New death adder found in PNG

National, Normal


A NEW species of death adder – a major killer in Papua New Guinea – has been found by the Australian Venom Research Unit, according to clinical toxinologist and herpetologist David “Snakeman” Williams.
In other snake news, Australian-made Commonwealth Serum laboratories tiger snake anti-venom has the strongest binding affinity for lethal toxins in small-eyed snake venom, small-eyed snake being a major killer in PNG, particularly on Karkar Island in Madang province.
Mr Williams told The National about these developments as he prepares to leave Papua New Guinea this week to take up a new posting with the World Health Organisation in Geneva, Switzerland.
“We have been studying the taxonomy of death adders in PNG for several years, in collaboration with the University of Wales in the UK, and have identified at least one new species of death adder, which we will be naming soon,” he said.
“We are also investigating regional variation in the venom of death adders to determine how effective current anti-venoms are at neutralising the lethal effects of death adder bites from all areas of the country.
“University of PNG masters in medical science student, Owen Paiva, is leading the local venom work, and will be collaborating with scientists from the University of Melbourne and the Queensland Institute of Medical Research to try and map the diversity of toxins in death adder venoms from different parts of PNG.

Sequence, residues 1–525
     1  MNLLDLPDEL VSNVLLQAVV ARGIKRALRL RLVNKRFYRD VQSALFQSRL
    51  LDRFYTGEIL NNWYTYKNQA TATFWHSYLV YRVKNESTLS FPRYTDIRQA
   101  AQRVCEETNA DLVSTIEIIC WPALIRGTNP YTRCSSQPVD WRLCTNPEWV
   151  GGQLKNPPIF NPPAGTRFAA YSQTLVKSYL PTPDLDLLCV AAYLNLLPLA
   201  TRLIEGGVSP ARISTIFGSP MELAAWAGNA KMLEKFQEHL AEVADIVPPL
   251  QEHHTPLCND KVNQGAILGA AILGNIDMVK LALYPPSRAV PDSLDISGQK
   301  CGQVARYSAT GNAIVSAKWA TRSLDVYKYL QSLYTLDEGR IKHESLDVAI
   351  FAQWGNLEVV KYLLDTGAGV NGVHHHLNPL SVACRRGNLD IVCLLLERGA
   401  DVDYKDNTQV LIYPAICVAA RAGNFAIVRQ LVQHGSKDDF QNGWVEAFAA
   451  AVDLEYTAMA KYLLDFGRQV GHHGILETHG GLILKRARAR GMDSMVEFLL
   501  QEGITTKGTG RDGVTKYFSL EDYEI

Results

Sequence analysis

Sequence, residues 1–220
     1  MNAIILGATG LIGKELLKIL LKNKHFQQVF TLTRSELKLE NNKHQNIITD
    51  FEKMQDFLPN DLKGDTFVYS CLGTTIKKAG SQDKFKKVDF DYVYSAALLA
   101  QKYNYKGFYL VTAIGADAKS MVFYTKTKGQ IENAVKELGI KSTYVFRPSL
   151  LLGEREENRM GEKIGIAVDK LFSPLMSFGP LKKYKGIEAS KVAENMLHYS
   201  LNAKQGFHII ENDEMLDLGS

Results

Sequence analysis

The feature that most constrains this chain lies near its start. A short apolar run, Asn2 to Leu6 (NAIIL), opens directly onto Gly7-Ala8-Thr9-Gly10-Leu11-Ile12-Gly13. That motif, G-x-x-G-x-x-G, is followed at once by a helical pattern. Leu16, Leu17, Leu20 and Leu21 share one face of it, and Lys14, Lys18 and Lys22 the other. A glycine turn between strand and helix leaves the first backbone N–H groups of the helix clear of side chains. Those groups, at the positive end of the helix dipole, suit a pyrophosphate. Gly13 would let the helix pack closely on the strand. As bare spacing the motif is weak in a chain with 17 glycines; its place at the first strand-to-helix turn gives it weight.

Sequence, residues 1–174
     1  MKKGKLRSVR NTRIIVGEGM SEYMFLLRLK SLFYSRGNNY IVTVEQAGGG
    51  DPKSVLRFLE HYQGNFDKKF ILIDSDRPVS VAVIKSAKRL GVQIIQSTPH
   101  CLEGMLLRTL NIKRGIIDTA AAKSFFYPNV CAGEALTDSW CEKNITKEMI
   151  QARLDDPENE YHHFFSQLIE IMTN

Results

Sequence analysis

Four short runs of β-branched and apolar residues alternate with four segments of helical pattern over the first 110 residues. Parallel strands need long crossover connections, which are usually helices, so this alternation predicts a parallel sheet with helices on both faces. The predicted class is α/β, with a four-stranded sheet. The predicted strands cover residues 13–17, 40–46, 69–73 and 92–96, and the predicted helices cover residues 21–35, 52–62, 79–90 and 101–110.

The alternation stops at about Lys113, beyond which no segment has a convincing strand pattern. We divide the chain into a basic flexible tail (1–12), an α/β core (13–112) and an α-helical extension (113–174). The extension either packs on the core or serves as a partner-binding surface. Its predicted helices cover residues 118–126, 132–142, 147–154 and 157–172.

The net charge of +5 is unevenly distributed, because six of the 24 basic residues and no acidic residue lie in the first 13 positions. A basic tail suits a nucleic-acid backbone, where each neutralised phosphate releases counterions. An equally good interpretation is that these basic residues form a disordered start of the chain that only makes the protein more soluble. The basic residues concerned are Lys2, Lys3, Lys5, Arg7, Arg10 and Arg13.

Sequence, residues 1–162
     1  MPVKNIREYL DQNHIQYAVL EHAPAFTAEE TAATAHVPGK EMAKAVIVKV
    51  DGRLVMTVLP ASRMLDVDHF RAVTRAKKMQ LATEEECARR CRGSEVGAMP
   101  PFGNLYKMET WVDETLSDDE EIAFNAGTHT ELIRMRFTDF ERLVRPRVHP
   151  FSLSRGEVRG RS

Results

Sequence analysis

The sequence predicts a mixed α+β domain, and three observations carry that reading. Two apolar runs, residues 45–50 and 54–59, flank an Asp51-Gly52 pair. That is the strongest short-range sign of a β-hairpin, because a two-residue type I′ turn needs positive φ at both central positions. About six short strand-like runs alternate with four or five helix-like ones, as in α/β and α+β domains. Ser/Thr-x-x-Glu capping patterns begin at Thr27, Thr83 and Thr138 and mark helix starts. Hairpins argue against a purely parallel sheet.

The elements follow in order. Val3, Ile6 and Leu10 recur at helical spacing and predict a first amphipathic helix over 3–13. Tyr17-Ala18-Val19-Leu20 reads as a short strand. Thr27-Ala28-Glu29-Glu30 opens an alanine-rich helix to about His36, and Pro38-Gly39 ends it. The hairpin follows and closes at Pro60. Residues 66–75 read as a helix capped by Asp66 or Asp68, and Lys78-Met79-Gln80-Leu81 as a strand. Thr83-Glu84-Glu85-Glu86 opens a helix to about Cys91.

“The project has in part been driven by the discovery that patients bitten by death adders in the North Fly district of Western province sometimes develop severe renal failure after death adder bites, something that has not been reported elsewhere in PNG or in Australia.
“Since renal dialysis is rarely possible in Port Moresby, let alone in Western province, this is a major issue for health workers in the North Fly, and we need to determine as quickly as possible whether or not Australian-made anti-venom will prevent the development of renal failure if administered as soon as possible after a bite occurs.”
As regards the small-eyed snake, Mr Paiva has studied the venom of the New Guinea small-eyed snake for his MMedSci, and one of the key discoveries has been the finding that Australian-made CSL tiger snake anti-venom has the strongest binding affinity for lethal toxins in small-eyed snake venom.
“Tiger snake anti-venom is also present in the CSL polyvalent anti-venom, but Owen’s finding that the monovalent CSL tiger snake anti-venom bound the small-eyed snake toxins at half the concentration needed if you use polyvalent anti-venom is a very important result,” Mr Williams said.
“It provides strong evidence for the use of CSL tiger snake anti-venom in the treatment of small-eyed snake bites, instead of the much more-expensive polyvalent anti-venom, which costs almost five times more.